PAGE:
Glaucus atlanticus is a species of sea slug that goes by many names, including blue angel, blue glaucus, blue dragon, blue sea slug, blue ocean slug and, in a strange twist of a name that doesn't reflect its sapphire coloration, the sea swallow.
1. That namesake coloration is for more than just show. The sea slug uses the coloration to its advantage as it floats on the ocean's surface. The blue side of their body faces upward to camouflage it against the blue of the sea, while the silver side faces downward to camouflage it against the bright surface of the water.
Predators looking down at it or up at it will have a harder time seeing the little slug thanks to those beautiful dashes of color.
2. This species of sea slug is not defenseless as it floats. If the pretty colors don't hide it well enough from potential predators, the sea slug's sting is its next line of defense.
The slug isn't venomous all on its own. Rather, it stores the stinging nematocysts created by the creatures on which it feeds, including venomous siphonophores and Portuguese man o' wars. These cells are stored and concentrated, so when it's touched, the blue dragon can release these stinging cells to pack an even more powerful punch than the man o' war hydrozoan.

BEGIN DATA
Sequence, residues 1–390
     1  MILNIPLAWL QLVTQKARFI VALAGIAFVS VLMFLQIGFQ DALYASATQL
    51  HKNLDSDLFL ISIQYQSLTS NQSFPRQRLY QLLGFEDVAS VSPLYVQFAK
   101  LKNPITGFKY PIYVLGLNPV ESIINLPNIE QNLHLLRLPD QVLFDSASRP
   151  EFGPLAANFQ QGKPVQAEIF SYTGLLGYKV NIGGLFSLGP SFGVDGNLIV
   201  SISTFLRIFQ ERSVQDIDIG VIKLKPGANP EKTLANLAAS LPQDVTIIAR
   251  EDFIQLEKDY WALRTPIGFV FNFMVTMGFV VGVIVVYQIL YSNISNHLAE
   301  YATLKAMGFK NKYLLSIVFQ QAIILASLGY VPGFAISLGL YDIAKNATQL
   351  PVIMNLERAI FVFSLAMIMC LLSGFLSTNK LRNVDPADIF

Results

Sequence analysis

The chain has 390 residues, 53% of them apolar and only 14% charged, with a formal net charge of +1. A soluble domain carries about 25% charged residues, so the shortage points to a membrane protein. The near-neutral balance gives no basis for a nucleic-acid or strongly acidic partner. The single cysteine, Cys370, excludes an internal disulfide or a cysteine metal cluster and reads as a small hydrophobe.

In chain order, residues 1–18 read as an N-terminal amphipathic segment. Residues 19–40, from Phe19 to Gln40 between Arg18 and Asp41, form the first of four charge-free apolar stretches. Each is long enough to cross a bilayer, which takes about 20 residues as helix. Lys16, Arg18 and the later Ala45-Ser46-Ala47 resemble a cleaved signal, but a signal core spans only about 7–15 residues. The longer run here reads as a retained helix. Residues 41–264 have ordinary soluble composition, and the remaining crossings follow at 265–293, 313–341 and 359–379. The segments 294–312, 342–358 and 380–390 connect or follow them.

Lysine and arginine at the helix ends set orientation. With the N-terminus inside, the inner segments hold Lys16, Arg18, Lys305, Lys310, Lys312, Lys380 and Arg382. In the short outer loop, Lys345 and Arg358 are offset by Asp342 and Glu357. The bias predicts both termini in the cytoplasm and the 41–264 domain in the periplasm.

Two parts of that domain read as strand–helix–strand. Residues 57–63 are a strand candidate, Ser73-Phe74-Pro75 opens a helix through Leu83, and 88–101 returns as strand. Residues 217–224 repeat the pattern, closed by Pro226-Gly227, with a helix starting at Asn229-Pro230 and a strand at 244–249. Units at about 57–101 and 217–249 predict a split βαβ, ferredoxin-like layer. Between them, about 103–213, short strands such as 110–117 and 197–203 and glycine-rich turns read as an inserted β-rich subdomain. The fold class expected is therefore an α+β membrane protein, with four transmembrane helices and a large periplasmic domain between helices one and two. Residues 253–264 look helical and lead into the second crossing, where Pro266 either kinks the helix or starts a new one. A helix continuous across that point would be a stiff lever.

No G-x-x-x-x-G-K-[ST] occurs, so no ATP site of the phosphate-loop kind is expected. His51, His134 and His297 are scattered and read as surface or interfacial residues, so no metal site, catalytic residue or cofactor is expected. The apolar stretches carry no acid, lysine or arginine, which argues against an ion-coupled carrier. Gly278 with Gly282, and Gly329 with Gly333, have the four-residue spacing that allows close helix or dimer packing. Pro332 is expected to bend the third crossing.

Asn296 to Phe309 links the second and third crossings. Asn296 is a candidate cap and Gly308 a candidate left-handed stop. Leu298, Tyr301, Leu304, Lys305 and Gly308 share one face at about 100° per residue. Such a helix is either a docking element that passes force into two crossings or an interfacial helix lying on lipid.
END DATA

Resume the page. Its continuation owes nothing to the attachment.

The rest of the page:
3. All blue dragons are hermaphrodites, meaning they have both male and female reproductive organs. When two blue dragons mate, they both produce egg strings. According to The Cephalopod Page, "Because of the lack of a hard substrate to attach the eggs to, the eggs often float freely in the water or are placed on the remains of prey until the larvae hatch."
So not only do they steal poison from their prey but they also lay their eggs on them. (Talk about adding insult to injury.)
These beautiful but dangerous sea slugs can be found throughout oceans around the world, from temperate to tropical waters. So if you come across one, it's best to admire it's beautiful blue colors from a distance.